KĀLHĀ, RĀI, feudatory chief of Rāikoṭ in Ludhiāṇā district of the Punjab, was a contemporary of Gurū Gobind Siṅgh (1666-1708). Converted from Hinduism to Islam, the Rāi's family were still among the admirers of the Gurūs. When Gurū Gobind Siṅgh, after his escape from Chamkaur, was passing through his territory, Rāi Kalhā received him warmly and served him with devotion. He sent one of his own men to Sirhind to bring news of the Gurū's mother and his two younger sons, while he himself attended upon the Gurū who was then putting up at Lammāṅ-Jaṭpurā. As the messenger returned and narrated how the Gurū's sons had been executed under the orders of the Sirhind official, Rāi Kalhā was overwhelmed with grief. Gurū Gobind Siṅgh consoled him and before departing bestowed upon him three gifts a sword, a water-jug and a rack to hold a religious book for recitation. Kalhā kept these articles as sacred relics and so did his son after him. But his grandson is said to have put on the sword during chase. According to Bhāī Santokh Siṅgh Srī Gur Pratāp Sūraj Granth, he hurt himself with it while attempting to kill a deer and died of the wound thus sustained. In British days, a descendant of the family presented the sword to the English deputy commissioner of Ludhiāṇā. It was ultimately sent to England, where it was kept in the British Museum. The other two relics were preserved in the family until 1947 when it migrated to Pakistan.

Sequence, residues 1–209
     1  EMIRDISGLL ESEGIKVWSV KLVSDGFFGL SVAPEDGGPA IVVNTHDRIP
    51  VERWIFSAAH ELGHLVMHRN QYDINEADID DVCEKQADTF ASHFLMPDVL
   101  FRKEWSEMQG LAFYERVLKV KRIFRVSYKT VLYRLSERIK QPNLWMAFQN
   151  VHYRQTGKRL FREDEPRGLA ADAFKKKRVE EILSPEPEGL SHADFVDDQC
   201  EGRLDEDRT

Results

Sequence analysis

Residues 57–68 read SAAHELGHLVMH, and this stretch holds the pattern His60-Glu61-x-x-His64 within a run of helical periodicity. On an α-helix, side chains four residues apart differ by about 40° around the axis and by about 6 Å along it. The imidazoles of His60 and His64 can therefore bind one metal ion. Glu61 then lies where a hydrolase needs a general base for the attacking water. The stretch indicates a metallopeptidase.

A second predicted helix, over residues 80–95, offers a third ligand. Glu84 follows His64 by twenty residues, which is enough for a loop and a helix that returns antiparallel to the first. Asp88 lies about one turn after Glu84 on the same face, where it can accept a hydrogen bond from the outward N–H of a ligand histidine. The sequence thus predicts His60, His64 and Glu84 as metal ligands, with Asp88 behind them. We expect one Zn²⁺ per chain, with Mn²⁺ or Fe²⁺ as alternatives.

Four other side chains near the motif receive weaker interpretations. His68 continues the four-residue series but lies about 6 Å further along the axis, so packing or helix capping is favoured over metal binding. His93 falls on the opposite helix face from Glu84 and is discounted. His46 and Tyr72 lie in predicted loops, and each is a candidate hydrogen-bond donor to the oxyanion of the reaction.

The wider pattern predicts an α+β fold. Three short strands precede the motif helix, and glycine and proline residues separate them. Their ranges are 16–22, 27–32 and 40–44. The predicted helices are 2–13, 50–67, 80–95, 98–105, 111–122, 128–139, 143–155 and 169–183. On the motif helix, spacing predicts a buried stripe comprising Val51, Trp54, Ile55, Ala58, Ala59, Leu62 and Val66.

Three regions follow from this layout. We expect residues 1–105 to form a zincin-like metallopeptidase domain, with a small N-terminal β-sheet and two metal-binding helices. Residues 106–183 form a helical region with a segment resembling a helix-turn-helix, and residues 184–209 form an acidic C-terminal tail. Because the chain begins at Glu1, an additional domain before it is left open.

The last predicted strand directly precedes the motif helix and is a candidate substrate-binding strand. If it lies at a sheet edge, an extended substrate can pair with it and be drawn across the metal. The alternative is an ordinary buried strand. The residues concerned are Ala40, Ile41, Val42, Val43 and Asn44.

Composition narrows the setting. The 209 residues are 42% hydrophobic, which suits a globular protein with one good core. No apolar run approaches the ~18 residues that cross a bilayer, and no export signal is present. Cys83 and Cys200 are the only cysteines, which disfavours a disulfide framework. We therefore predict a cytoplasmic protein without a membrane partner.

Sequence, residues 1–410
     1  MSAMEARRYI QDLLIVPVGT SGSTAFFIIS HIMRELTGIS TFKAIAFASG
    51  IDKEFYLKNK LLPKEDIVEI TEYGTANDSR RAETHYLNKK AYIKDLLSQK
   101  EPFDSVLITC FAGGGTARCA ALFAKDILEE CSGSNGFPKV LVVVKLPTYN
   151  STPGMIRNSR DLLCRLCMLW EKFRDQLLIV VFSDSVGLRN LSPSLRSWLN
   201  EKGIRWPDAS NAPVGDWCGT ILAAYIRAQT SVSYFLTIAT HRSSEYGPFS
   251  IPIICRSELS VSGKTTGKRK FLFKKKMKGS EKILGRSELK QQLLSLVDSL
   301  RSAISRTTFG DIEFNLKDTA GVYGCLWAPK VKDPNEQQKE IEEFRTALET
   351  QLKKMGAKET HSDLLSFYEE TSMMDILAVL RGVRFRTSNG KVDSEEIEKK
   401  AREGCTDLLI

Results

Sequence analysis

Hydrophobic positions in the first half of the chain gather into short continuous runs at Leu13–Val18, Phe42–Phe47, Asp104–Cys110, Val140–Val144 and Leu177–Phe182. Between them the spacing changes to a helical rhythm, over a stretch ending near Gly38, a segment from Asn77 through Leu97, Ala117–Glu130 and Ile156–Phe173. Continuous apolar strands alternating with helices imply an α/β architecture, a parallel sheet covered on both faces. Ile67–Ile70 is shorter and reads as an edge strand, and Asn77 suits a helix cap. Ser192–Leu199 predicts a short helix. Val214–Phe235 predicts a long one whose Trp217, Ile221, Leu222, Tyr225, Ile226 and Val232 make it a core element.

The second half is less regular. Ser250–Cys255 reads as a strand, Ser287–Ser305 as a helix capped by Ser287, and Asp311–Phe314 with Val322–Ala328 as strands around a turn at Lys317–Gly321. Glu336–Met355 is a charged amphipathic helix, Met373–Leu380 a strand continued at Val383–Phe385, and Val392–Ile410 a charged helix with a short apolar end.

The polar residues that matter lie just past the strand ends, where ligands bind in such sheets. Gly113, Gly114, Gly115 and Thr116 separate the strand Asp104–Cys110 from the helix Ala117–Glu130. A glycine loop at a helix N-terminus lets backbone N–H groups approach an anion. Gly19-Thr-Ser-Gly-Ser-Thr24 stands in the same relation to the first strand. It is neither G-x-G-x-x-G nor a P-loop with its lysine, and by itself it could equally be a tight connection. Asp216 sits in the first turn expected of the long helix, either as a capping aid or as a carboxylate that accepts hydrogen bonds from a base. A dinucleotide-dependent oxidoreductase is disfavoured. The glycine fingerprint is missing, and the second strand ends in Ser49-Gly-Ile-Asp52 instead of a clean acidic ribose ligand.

Piārā Siṅgh Padam